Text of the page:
Nick Dunne (Ben Affleck) is a middle-aged writer who lives in the heart of Carthage, Texas, alongside his beautiful wife Amy (Rosemund Pike), who is a magazine writer. All is well in the Dunne household until one day on the morning of their fifth anniversary, Nick returns home from his morning errands to find that Amy is nowhere to be found. With smashed objects lying around the living-room, Nick discerns that his wife may be missing. Upon notifying the police and his family, the media swarm upon Nick like a pack of wolves, aggravating him at every turn. Soon through Nick’s albeit strange behavior, the public perception of Nick’s intentions begin to change, with many people asking the same horrifying question: Did Nick Dunne kill his wife?
You think you know the story? Think again. Sticking close to the source material, Flynn has allowed for Affleck’s best performance in quite some time. Portraying a potential murderer has allowed him to expand his acting talents, with some added humor and bite. This put his previously disappointing performances behind and added a win to his shelf of his recent successes. Without Affleck’s participation, I don’t see the film working with another actor in his role, and it’s the same case in relation to Pike. Ever since she was seen in Die Another Day, she has continued to excel in all of her films. Here she plays with the audience’s mind, allowing us to encourage her character at one moment, and hate her the next. It’s a strange quality, but her performance is a quiet, yet absorbing one which eventually reveals just how talented she really is. A career best performance for her, I have no doubt. Apart from the two leads, the film also benefits from a constantly intriguing cast, full of actors who show a side of themselves that didn’t deem possible. There are two actors in particular: Tyler Perry and Neil Patrick-Harris. Yes, Tyler Perry has finally delivered a solid supporting performance which doesn’t involve him dressing up in a ridiculous stereo-typical costume and requires him to actually act. And that he does. Every detail is understated, but he is surprising. NPH delivers a peculiar performance that’s both creepy and comforting. Not to his fault though, my mind saw Barney Stinson from How I Met Your Mother, but nonetheless he gives a great performance.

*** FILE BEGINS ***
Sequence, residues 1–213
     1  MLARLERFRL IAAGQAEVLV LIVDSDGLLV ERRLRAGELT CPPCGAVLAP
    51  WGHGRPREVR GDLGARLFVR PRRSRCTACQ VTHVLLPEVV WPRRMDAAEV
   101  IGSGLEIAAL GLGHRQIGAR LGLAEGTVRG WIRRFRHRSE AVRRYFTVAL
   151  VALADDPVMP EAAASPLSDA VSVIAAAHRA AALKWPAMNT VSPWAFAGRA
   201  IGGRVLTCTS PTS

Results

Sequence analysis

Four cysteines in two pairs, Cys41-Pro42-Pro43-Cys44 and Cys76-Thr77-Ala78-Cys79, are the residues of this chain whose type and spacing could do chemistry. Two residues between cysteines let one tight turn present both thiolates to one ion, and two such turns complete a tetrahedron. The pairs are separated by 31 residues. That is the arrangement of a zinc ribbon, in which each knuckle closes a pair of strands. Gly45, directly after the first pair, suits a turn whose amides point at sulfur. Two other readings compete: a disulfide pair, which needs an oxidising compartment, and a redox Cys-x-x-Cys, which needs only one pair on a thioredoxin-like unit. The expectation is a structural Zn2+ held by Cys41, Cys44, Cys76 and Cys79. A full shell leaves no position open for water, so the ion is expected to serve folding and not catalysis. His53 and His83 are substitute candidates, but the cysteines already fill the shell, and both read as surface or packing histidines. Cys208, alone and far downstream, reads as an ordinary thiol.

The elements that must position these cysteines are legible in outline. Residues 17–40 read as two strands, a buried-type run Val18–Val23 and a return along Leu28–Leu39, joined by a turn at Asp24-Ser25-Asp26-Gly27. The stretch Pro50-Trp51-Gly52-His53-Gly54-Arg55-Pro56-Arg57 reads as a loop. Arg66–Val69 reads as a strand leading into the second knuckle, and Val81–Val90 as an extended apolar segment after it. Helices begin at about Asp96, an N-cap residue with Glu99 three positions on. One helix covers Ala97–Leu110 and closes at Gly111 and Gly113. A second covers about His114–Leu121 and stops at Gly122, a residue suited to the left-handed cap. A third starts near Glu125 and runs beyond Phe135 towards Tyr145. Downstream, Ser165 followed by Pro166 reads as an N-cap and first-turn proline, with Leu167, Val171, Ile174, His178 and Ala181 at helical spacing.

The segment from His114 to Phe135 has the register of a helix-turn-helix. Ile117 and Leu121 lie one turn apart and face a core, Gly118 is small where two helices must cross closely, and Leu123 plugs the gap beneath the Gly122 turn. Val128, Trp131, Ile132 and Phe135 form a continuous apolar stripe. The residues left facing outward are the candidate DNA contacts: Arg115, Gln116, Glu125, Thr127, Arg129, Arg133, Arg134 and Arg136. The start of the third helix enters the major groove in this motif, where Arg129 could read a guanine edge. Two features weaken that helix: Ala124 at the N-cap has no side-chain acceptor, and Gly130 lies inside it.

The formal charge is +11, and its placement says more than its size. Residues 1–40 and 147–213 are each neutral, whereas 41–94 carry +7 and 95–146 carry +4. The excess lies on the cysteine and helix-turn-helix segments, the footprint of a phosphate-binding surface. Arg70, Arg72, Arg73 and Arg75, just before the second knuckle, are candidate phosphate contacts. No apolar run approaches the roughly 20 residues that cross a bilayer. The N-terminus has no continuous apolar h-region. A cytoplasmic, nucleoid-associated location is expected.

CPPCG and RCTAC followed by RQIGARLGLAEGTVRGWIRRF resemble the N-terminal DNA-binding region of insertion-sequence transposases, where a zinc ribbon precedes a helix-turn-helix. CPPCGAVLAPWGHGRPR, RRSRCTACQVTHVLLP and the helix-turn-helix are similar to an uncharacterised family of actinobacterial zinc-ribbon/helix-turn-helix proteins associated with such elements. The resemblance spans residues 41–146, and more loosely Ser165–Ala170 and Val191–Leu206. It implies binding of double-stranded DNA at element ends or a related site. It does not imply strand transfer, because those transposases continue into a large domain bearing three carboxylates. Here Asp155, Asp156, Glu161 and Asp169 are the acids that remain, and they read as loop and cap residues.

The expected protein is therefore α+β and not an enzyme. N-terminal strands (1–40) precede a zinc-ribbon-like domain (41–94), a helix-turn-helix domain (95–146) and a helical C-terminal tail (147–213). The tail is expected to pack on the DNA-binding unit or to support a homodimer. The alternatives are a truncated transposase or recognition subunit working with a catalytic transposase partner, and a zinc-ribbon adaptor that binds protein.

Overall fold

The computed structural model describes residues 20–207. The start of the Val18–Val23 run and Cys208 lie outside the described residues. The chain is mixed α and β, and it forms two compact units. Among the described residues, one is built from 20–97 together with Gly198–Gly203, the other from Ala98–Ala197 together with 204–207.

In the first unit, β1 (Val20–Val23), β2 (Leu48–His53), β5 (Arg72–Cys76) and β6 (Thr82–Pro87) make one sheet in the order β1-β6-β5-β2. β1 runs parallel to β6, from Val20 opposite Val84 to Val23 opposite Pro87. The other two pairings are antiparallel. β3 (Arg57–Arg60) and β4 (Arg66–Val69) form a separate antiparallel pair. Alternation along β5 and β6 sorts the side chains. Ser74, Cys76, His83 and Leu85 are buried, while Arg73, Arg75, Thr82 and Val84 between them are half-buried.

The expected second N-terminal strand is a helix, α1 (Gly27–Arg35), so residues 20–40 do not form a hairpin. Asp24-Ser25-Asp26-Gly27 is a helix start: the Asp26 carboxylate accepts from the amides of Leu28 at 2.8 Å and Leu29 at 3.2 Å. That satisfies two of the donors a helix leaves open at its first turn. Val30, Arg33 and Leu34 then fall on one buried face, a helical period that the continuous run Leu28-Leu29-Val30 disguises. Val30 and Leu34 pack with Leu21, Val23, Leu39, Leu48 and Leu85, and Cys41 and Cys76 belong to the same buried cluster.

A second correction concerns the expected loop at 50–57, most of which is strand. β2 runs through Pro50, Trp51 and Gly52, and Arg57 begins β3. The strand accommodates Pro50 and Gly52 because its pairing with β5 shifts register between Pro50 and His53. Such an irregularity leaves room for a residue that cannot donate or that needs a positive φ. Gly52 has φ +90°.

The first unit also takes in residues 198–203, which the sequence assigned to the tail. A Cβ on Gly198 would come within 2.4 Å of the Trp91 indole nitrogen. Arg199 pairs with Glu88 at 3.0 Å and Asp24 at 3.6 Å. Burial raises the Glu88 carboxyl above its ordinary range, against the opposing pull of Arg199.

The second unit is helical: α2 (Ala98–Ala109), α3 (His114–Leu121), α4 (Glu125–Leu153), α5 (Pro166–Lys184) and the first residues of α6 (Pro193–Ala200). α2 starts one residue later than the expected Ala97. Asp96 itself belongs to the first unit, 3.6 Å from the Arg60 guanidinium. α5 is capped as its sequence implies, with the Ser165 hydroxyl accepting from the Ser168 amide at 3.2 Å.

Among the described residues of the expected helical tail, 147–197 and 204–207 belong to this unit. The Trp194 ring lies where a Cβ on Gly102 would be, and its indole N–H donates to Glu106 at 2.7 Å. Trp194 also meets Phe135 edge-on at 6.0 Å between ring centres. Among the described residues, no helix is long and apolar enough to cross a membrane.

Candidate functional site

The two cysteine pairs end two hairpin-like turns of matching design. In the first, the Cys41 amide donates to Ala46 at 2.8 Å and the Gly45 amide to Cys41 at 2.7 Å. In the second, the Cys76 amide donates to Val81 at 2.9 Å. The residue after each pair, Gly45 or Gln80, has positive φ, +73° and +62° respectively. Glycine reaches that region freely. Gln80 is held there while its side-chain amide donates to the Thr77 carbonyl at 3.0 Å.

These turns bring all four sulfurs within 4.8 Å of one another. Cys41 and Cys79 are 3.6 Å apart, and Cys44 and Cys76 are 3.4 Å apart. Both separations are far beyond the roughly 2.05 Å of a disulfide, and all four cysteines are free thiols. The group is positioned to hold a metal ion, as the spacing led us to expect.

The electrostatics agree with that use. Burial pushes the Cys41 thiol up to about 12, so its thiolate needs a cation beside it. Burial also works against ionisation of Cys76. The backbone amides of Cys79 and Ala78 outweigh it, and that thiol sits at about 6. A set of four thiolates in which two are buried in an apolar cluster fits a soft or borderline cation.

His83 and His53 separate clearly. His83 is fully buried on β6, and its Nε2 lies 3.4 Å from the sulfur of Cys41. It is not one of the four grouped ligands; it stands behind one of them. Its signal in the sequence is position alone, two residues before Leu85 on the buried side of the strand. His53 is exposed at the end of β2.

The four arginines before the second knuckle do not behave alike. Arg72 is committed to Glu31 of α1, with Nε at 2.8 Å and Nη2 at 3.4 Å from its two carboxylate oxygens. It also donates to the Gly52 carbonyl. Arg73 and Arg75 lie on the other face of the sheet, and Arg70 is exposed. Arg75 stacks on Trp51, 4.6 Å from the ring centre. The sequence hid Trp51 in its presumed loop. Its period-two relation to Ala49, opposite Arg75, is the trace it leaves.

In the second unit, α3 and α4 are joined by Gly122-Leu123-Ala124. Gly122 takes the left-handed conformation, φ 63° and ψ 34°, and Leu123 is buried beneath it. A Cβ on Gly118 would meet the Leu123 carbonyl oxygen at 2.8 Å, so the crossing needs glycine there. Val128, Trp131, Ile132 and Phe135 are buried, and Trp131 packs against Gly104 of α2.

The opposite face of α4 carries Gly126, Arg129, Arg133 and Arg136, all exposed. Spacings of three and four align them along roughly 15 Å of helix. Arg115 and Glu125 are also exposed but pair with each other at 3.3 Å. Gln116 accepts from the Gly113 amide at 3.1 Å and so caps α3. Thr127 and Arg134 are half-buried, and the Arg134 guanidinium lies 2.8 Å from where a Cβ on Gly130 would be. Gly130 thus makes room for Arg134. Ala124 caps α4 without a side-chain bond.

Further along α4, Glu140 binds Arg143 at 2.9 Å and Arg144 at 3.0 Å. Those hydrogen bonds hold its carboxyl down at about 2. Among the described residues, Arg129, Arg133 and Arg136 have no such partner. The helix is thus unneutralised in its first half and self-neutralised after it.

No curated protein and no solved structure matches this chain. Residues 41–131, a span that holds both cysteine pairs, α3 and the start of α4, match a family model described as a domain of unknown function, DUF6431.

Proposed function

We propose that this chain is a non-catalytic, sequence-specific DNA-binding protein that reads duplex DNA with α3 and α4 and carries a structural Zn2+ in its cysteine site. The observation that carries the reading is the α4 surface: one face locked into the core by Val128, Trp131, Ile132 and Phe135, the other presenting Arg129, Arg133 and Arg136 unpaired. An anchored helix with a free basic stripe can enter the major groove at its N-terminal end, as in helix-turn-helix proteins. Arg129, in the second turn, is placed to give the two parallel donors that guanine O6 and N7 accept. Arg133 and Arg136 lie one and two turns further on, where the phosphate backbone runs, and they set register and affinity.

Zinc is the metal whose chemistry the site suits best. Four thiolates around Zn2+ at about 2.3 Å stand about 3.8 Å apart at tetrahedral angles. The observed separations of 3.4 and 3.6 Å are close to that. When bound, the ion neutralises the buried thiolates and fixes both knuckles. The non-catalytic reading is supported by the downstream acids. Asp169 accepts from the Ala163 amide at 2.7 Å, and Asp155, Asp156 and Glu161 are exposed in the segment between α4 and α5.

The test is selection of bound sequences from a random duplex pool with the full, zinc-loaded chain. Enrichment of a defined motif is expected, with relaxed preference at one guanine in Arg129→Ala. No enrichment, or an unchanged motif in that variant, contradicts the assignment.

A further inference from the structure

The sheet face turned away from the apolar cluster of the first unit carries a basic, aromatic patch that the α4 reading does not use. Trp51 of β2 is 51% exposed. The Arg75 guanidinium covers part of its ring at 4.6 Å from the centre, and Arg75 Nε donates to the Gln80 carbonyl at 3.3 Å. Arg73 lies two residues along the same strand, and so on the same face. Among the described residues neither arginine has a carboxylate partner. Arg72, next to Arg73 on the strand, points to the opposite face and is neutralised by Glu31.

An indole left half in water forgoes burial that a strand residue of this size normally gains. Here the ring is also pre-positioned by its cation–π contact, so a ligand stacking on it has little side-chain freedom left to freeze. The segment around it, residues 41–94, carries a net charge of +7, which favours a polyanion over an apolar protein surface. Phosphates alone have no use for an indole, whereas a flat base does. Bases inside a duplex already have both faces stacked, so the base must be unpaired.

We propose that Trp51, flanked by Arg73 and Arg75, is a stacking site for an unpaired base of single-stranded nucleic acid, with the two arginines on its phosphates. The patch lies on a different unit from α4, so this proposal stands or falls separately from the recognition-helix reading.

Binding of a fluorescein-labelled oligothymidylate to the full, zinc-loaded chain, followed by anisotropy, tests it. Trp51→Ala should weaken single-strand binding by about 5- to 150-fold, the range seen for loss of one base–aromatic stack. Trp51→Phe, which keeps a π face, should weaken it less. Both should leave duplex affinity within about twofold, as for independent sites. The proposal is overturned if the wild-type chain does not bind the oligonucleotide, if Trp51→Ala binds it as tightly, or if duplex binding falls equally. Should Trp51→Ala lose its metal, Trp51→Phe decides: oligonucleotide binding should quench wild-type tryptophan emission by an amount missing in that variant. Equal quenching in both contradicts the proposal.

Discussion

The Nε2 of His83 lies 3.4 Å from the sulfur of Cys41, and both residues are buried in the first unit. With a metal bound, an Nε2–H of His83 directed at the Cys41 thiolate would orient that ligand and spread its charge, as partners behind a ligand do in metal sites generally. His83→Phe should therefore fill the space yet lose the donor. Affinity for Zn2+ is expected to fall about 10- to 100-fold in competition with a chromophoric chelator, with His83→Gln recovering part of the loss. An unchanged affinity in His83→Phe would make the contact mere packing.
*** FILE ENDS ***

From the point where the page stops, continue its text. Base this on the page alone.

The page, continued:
As always, Fincher is a master behind the camera. His ability to get the very best performances out of his actors is phenomenal, and he does it again here in a thriller that seems as if it was written especially for his mind. Perhaps it was, and along with his camera angles and general skill in the art, he produces a sleek looking film that mirrors his vision of The Girl with the Dragon Tattoo. Fincher’s latest film is an unflinching rendition of marriage in its true form. Darkly comic and boasting some of the finest and most unanticipated performances for many years, Gone Girl is a thriller destined for ‘vintage’ status.